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The long and short of it

Hindustan Times’ custom of splitting lengthy front-page reports into two and printing the second half inside as an independent story irritates one reader.

mumbai Updated: Oct 11, 2009 01:48 IST

Sumana Ramanan
Senior Editor

Hindustan Times’ custom of splitting lengthy front-page reports into two and printing the second half inside as an independent story irritates one reader.

Like all newspapers, HT is often unable to accommodate a lengthy story in its entirety on its front page. The editors think the story ought to make it to the front page but allocate it space that is not large enough to accommodate all the details.

What can a newspaper do?

The natural course of action would be for it to continue the story on an inside page. But that is not what happens in HT. The story ends on the front page, and has a pointer to a separate story with the remaining details on one of the inside pages.

For instance, on October 2, the newspaper carried a front-page story headlined ‘Nobel winners lobby for India’s biggest lab.’ That story ran to about 300 words.

On an inside page, along with other national news, the paper carried the remaining details in another story headlined ‘World waits for India’s biggest science facility.’

Although the inside story had many details absent in the front-page story, it also had some overlapping information.

This irritated one reader. “These two stories could have been clubbed together as one comprehensive report to save space,” the reader said.

Why could this story, for instance, not have been continued inside, I asked HT’s resident and deputy resident editors.

In survey after survey, apparently, most readers say they do not bother to turn to the inside page and read the continuation. If that is indeed true, then the continuations on the inside pages would actually wastefully occupy space.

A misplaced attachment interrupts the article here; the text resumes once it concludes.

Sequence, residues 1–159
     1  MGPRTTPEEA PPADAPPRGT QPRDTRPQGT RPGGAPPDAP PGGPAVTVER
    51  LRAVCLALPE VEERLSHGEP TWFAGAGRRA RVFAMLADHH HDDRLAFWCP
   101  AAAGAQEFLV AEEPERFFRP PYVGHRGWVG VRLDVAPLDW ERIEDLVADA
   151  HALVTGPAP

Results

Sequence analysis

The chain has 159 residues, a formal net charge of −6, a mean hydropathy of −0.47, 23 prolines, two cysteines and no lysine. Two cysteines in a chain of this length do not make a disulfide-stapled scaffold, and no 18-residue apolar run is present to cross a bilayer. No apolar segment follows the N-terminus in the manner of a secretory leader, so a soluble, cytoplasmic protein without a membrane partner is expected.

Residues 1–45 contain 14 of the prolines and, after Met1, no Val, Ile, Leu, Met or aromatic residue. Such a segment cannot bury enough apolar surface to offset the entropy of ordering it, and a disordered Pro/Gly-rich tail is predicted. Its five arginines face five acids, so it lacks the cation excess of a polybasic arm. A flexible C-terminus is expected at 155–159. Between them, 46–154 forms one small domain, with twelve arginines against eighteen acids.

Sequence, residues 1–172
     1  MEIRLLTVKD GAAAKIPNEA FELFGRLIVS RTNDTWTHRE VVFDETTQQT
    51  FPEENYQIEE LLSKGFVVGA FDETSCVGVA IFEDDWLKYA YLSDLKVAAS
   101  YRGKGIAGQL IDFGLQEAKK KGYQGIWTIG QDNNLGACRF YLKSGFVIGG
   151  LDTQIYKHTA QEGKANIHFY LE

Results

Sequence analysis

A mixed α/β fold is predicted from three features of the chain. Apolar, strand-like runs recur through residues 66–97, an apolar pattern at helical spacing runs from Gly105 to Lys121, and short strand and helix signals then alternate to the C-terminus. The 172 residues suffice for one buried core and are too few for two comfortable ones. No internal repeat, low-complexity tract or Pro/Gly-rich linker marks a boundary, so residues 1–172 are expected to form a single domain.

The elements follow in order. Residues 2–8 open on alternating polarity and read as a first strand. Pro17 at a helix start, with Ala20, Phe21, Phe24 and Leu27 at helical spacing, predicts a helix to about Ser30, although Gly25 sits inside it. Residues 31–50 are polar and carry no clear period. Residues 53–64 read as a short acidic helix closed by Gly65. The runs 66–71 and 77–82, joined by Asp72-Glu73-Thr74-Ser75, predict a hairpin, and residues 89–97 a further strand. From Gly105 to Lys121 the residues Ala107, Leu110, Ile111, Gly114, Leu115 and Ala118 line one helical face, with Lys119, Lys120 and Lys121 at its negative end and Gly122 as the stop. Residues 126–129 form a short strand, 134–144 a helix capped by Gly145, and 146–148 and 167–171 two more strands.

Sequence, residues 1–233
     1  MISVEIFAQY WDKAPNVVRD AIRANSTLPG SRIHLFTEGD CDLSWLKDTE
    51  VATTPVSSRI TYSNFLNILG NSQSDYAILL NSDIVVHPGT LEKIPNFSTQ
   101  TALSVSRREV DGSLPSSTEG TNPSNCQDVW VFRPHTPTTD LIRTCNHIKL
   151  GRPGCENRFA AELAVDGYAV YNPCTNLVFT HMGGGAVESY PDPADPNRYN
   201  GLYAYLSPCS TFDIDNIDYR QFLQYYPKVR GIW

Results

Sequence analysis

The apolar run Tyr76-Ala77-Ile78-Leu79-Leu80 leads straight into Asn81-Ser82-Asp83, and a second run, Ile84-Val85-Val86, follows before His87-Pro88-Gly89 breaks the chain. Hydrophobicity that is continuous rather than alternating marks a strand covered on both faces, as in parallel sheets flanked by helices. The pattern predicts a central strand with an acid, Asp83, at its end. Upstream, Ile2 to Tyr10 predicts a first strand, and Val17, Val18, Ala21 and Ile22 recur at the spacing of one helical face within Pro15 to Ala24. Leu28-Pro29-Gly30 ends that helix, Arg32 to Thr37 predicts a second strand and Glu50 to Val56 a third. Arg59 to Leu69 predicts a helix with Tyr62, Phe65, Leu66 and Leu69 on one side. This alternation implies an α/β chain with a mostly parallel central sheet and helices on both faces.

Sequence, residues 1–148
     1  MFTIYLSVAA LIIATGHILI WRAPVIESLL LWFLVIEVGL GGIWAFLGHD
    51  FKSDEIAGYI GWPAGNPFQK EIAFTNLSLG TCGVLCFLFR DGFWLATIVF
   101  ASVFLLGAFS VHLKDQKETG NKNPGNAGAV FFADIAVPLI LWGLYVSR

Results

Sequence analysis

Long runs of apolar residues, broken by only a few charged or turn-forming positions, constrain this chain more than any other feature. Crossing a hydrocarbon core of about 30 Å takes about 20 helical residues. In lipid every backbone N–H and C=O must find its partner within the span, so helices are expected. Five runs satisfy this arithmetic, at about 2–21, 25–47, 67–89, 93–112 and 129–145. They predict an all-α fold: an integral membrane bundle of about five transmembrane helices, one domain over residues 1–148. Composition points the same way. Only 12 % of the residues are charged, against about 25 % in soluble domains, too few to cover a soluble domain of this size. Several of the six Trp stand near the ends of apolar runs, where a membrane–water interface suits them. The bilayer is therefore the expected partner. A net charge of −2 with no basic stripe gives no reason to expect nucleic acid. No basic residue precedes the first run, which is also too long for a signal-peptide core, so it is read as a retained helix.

But if they are presented as independent stories, with separate headlines, some people might read them. At the same time, since the stories stand on their own, they cannot take for granted details that have appeared in the corresponding front-page stories. Not all people who read the inside stories, after all, would have read the ones on the front page.

Those who have already encountered the story on the front page and then follow the pointer into the inside page will, of course, have to bear with some repetition.

So it’s not the ideal solution, but what else can be done? Do readers have a solution?

***

Think about it...

The same reader objected to the newspapers’ coverage on October 2 of Shiney Ahuja, the Bollywood actor accused of raping his maid, and his obtaining bail. The coverage included comments from his wife Anupam, who expressed faith in her husband’s innocence.

“This seems to be your way of building up sympathy for Shiney,” the reader wrote. “When he was arrested three months ago, you had also given this lady wide publicity. Such trash has no news value.”

I will evaluate the merits of this reader’s comments next week, but I am reproducing these comments this week to spur other readers to write in telling me what they think of HT’s coverage of Shiney Ahuja’s case. Till next week, then…